It seems safe to say that, outside of a finishing school or royal dinner, most of us stick with the basic silverware set for meals. Fork, spoon, butter knife, and maybe a sharp knife. Maybe even a salad fork if we want to get very fussy. But there was a time when silverware sets included an absurd number of devices, the functions of which were all but indiscernible to the casual user.
Designer Lee Ben David pokes fun at these specialized tools in her set of conceptual table tools called Very Specific. They include a delicate three-pronged grabber just for cherry tomatoes; a combination prong/scooper for plucking and eating artichoke leaves; a knife with two hinged prongs for cutting and then opening hot pieces of pita bread; a spaghetti fork with a clamp on one side to hold down unruly noodles; a combined knife and fork lever for scooping food onto the fork one-handed; and a device used solely for pushing edamame beans out of their pods.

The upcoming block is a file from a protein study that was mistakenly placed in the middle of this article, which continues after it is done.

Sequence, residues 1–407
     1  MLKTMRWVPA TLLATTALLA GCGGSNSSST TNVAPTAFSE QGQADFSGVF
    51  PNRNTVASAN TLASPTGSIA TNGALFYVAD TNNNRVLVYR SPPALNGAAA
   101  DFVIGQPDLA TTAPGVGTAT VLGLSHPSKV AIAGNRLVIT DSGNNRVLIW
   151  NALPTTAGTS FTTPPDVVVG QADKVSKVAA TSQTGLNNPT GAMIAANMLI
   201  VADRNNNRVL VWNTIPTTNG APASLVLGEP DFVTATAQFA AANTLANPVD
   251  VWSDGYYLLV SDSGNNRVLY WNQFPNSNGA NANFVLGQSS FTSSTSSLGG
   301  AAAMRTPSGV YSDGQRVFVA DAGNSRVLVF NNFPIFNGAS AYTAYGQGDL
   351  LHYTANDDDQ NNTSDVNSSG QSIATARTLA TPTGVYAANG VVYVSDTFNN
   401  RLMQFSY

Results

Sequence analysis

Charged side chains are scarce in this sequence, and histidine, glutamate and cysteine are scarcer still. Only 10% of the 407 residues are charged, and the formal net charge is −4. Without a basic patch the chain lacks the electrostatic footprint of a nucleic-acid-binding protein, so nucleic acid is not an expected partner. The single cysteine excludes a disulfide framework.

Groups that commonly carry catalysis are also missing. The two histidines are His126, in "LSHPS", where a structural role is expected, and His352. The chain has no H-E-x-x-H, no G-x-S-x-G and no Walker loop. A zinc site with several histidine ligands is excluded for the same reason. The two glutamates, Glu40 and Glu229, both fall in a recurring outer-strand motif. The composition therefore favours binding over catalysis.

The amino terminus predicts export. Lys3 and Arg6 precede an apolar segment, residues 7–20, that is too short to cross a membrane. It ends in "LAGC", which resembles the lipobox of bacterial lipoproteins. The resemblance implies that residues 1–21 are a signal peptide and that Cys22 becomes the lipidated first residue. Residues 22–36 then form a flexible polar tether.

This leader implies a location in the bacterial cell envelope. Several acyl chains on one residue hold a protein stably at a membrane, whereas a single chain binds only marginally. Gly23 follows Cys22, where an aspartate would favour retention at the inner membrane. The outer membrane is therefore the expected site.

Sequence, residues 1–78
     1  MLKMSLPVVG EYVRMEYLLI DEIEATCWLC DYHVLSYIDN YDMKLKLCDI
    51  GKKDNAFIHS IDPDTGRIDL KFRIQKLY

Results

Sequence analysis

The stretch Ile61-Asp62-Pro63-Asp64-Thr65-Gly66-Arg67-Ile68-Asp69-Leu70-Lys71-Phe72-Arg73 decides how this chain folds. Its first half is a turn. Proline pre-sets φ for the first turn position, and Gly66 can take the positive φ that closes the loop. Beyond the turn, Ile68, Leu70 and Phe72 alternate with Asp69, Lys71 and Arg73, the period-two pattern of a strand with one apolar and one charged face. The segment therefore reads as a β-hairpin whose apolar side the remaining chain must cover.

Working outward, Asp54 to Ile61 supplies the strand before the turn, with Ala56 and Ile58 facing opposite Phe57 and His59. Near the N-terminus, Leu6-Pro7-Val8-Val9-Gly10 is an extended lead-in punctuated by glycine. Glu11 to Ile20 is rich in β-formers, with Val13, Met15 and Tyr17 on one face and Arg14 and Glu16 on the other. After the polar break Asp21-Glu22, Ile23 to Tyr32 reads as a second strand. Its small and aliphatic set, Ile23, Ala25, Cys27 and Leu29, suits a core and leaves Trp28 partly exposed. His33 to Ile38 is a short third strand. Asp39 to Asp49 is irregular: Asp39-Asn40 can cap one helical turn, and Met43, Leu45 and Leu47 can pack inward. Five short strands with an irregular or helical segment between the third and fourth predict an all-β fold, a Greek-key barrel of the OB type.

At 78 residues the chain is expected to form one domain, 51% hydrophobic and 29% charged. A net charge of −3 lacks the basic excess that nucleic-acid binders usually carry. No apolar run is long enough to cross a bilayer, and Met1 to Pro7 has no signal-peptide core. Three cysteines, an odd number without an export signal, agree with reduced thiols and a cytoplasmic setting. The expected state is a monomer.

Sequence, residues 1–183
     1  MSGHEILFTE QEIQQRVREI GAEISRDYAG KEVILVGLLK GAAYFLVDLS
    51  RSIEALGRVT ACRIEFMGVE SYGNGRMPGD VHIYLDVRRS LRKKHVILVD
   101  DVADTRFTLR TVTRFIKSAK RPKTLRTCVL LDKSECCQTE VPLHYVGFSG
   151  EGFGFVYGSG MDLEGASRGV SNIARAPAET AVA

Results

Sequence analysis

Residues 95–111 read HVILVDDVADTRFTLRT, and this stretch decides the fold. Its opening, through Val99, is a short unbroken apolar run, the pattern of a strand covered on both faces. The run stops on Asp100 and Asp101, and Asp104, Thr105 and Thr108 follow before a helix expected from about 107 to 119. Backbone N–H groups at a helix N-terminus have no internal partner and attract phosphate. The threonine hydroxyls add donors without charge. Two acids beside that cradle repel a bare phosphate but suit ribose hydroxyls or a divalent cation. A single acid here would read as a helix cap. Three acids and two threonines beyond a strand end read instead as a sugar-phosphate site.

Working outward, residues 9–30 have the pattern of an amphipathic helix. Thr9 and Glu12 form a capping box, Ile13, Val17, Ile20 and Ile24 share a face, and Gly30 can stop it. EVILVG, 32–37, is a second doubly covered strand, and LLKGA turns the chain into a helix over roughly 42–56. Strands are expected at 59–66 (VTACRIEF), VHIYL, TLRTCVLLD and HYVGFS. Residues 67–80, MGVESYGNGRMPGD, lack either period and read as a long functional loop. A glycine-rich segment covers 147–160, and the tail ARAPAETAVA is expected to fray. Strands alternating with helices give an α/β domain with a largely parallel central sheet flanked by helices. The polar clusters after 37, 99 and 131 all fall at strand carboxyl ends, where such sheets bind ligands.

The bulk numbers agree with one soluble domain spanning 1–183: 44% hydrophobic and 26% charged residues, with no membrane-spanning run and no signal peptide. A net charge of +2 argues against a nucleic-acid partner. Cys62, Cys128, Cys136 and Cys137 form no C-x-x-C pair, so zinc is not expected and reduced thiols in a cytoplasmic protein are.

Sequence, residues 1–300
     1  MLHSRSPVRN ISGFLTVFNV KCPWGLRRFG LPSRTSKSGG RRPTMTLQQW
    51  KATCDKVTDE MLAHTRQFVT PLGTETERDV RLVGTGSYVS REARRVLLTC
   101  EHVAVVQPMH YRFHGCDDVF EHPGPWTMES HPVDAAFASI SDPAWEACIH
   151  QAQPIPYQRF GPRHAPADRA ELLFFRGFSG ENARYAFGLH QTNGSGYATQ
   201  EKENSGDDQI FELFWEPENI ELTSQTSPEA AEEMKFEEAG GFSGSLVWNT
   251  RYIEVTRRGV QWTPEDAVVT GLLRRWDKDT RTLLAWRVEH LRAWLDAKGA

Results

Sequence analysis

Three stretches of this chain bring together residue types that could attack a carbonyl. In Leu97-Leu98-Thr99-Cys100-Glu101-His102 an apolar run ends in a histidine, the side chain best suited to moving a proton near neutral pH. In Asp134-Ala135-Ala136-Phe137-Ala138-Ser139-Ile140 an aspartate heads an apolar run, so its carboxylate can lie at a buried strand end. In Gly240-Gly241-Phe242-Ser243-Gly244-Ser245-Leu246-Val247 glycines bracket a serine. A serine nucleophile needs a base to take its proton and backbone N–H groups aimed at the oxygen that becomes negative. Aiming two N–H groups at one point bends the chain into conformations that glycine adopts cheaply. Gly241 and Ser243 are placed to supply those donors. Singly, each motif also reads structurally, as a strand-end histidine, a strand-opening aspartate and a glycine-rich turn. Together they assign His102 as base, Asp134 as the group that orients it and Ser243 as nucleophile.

The designer’s ideas go back to the almost-unbelievable designs of yore, when cutting fish with the wrong fork was seen as a serious mealtime offense. There was well and truly a piece of cutlery for every imaginable food, and polite people were expected to memorize their functions. Although cutlery isn’t nearly as laser-focused these days, this type of over-specialization can still be seen in the incredibly specific single-function kitchen tools we use for cooking and baking.
The Very Specific utensils are tongue-in-cheek design, but a few of the designs actually offer real solutions to mealtime problems. We would never give up the deep satisfaction of biting edamame pods to pop the beans out, but the spaghetti fork with attached prong is pure brilliance. The only design David is thinking of putting into production (though she may just be making another joke) is the one-handed knife/fork set, which would allow people to eat one-handed while holding a plate in the other hand.